Cerebral fat embolism (CFE) is a serious complication of long-bone fractures. We reported a case of CFE observed throughout the clinical course by magnetic resonance imaging (MRI) studies. A 23-year-old man suffered a left femoral fracture in a traffic accident and lapsed into a coma 23 hours after injury. Brain computed tomography (CT) did not show any abnormality 8 hours after coma, but MRI showed multiple high-intensity spotty lesions in cerebral white matter in T2 weighted images (T2WI). Four days after onset, these positive lesions became much clearer and spread. Although most disappeared in the subacute clinical stage, local highintensity lesions were still observed in T2WI, apparently local brain edema and ischemic infarctions. CFE is reported to exert 3 characteristic manifestations -- local brain edema, ischemic infarction, and hemorrhagic infarction. These patterns and localization appear to be correlated with clinical outcome. We conducted MRI studies to clarify the status and location of CFE, and found that T2WI, inversion recovery T1 (IRT1) and gradient echo T2*weighted images (T2*WI) studies are useful in CFE detection and status assessment.
We report a patient with severe liver injury and traumatic rupture of the aorta successfully managed by staged operation. A 40-year-old man injured in a motor vehicle accident was taken to a hospital in hemorrhagic shock. Chest roentogenography showed left hemothorax and widening of the upper mediastinum. Abdominal computed tomography (CT) showed type III b liver injury and periaortic hematoma. Abdominal packing and coil embolization were conducted for the liver injury. The patient was transferred to our hospital because aortography showed a pseudoaneurysm of the proximal descending aorta. On admission, the hemodynamic state was relatively stable, and we decided to conduct delayed repair of the traumatic aortic injury due to hypothermia-acidosis-coagulopathy syndrome. The second operation was performed 48 hours after the initial operation. Prosthetic graft replacement was conducted for the aortic injury, and hepatorrhaphy for the liver injury. The patient was discharged on day 70 after the second operation. Urgent surgical treatment is necessary for traumatic rupture of the aorta. However, in severe injury to other organs, repair of the aortic injury should be considered after hemorrhage from other organs is controlled or hypothermia-acidosis-coagulopathy syndrome improves.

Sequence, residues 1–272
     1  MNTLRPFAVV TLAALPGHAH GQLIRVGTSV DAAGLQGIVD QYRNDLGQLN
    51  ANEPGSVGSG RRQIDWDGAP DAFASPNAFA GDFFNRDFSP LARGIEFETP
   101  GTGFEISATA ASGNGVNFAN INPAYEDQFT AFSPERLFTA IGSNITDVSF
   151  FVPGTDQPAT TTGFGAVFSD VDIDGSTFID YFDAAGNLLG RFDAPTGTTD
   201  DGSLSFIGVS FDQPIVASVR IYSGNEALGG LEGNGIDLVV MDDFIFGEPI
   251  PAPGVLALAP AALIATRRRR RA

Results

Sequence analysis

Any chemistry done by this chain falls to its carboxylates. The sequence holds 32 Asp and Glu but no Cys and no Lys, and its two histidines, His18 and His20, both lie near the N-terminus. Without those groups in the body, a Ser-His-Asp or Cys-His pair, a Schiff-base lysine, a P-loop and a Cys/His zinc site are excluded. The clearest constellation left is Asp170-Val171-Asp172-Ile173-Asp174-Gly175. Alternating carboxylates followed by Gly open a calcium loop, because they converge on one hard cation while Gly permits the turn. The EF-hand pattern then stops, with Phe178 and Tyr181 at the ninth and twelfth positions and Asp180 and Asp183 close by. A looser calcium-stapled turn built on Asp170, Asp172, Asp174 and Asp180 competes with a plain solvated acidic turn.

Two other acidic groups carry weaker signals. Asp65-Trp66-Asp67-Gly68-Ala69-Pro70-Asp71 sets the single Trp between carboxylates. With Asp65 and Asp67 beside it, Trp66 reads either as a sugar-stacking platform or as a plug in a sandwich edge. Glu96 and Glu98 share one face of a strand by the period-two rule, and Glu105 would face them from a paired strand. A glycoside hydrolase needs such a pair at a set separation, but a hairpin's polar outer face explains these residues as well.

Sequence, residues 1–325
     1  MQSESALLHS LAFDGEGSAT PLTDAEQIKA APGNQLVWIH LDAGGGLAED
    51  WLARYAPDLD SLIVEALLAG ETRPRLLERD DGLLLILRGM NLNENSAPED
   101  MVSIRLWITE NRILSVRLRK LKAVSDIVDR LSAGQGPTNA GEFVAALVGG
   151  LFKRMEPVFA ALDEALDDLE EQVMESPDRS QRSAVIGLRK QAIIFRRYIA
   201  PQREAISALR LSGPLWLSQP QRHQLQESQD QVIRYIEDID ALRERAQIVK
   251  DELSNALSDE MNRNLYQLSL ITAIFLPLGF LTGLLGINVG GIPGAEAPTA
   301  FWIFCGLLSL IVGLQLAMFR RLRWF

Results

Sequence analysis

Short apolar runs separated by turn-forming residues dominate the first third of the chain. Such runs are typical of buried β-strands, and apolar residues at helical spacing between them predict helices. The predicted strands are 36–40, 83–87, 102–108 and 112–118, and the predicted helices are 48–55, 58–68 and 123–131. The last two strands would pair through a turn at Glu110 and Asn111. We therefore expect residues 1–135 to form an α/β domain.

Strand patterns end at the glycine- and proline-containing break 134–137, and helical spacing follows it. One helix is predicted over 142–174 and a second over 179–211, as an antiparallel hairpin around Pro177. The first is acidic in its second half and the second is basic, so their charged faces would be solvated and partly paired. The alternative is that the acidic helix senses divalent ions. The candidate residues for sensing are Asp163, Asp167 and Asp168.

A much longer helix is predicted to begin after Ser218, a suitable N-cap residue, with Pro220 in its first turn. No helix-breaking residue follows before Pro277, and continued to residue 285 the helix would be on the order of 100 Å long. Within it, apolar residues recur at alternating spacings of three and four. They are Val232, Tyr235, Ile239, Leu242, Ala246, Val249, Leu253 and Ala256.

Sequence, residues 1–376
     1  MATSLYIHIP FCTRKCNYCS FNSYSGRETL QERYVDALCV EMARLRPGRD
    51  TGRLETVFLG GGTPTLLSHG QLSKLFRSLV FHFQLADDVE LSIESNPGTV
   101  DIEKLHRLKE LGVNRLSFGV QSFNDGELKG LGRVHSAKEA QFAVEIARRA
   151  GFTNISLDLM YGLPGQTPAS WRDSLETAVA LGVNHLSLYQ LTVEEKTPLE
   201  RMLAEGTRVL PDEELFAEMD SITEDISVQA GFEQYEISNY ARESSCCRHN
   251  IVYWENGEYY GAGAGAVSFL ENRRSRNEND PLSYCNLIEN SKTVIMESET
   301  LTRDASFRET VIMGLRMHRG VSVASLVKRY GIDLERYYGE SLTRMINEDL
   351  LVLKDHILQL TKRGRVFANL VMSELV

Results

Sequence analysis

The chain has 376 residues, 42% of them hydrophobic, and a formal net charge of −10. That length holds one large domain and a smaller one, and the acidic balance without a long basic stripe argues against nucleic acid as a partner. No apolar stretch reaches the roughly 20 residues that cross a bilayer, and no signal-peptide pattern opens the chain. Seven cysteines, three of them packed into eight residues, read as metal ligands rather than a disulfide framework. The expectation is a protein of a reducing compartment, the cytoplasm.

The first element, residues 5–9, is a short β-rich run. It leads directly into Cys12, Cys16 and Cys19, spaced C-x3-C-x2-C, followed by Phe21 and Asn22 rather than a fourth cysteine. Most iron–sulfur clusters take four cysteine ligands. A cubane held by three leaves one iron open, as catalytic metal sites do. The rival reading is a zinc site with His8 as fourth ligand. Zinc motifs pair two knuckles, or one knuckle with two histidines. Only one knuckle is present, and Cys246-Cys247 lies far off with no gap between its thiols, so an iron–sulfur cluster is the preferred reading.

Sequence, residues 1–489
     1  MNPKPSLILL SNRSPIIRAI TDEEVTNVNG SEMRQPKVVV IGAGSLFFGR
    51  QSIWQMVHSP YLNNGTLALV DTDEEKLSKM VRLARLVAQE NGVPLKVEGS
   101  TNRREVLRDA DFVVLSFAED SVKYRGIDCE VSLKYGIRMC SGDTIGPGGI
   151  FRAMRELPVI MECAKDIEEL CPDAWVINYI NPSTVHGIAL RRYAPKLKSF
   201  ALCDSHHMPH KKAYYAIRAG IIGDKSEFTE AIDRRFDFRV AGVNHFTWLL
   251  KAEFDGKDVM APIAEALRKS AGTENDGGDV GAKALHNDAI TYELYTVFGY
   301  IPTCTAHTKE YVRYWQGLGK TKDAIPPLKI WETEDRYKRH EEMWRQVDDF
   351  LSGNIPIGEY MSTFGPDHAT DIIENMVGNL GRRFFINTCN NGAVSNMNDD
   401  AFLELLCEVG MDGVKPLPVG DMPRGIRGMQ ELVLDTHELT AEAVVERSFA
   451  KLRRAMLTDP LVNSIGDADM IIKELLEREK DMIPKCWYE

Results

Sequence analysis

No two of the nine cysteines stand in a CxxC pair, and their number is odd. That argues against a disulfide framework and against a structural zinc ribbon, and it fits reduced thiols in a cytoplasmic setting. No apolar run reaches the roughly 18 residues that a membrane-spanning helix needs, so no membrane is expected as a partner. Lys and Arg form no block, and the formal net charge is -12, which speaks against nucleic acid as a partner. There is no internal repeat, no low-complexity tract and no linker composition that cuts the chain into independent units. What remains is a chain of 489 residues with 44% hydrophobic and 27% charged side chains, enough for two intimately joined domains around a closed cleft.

Distigmine bromide is an anticholinesterase used to treat urinary retention. We describe a case of life-threatening cholinergic crisis induced by a usual oral dose of distigmine bromide for postoperative urinary retention. An 82-year-old man with mild chronic renal failure was transferred to our emergency room due to cholinergic crisis accompanied by cyanosis, hypotension, and consciousness disturbance. The patient was 10mg/day of distigmine bromide orally administered for 2 days. The patient's serum cholinesterase decreased to 3IU/l. Mechanical ventilation, fluid resuscitation, and inotropic support were started. A few days after admission, despite continuous low serum cholinesterase, his toxic symptoms almost disappeared. Extubation was done, and the patient had an event-free recovery. The possibility of cholinergic crisis should be considered when patients with renal failure are given distigmine bromide. During cholinergic crisis, toxic symptoms do not parallel serum cholinesterase. Cholinergic crisis should thus be treated while carefully observing clinical symptoms.